"They can get chicken sometimes, but a lack of protein is where the malnourishment comes in," he said. "When food is more spicy, you drink more water and it fills you up. You feel full and eat less."

Despite the devastating conditions, Yettaw was surprised to see how upbeat the Sierra Leonans seemed in general.

"There was a lot of joy," he said. "They love to sing and they are just a happy people. They have to be, because conditions get so poor over there. We got stuck in the pouring rain and we thought, 'We'll just walk back,' and every person we saw invited us in to their homes, to get out of the rain. They are very friendly, nice people."

When Yettaw and his American companions were leaving Sierra Leone, he knew he would likely never return. He wondered how he and his friends at home in the United States could best help.

"My professor said, 'You are not going over there to save the world. Do as much as you can, but in the end, it's not enough. Go and learn and tell others what you know,'" said Yettaw. "People here in the U.S. live in such a bubble. You see things on the news and think, 'That's really horrible,' and then you sit down and watch a sitcom and go to bed. You hear a lot of people say, 'America first, take care of us first, and let the world take care of itself,' but without money we spend around the world, people would die."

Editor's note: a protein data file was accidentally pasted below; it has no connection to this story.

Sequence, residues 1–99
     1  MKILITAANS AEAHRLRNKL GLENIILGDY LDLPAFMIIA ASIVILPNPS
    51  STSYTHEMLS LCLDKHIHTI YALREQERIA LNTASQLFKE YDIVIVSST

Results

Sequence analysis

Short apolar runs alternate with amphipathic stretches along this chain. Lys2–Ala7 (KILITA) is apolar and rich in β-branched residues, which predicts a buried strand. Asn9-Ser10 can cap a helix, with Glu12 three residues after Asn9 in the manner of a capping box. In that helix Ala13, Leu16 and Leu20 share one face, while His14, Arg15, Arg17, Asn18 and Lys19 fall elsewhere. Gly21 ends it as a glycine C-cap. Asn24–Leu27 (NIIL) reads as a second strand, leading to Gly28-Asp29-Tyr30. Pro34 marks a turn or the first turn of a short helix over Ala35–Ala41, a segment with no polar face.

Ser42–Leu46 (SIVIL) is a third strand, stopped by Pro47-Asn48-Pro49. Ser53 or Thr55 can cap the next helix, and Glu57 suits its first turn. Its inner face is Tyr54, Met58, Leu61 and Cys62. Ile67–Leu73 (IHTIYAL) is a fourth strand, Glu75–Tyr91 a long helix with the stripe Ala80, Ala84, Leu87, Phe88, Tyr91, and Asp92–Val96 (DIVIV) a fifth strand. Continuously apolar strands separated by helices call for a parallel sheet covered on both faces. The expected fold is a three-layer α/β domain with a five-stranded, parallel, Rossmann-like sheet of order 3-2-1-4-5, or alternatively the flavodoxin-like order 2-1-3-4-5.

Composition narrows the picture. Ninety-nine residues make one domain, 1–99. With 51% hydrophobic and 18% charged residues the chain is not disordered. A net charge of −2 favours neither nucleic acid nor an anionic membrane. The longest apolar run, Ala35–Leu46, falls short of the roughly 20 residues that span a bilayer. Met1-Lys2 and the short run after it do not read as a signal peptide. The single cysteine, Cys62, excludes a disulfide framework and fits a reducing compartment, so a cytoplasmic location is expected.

Yettaw recalls that as he left, the hospital employees, which includes a surgeon from Holland who has dedicated a year to working there and receives a stipend of $200 per month, asked him to tell others about Sierra Leone, to not let them be forgotten.

For Yettaw, Sierra Leone and its people will always be remembered.

Susan covers Brandon Township and Ortonville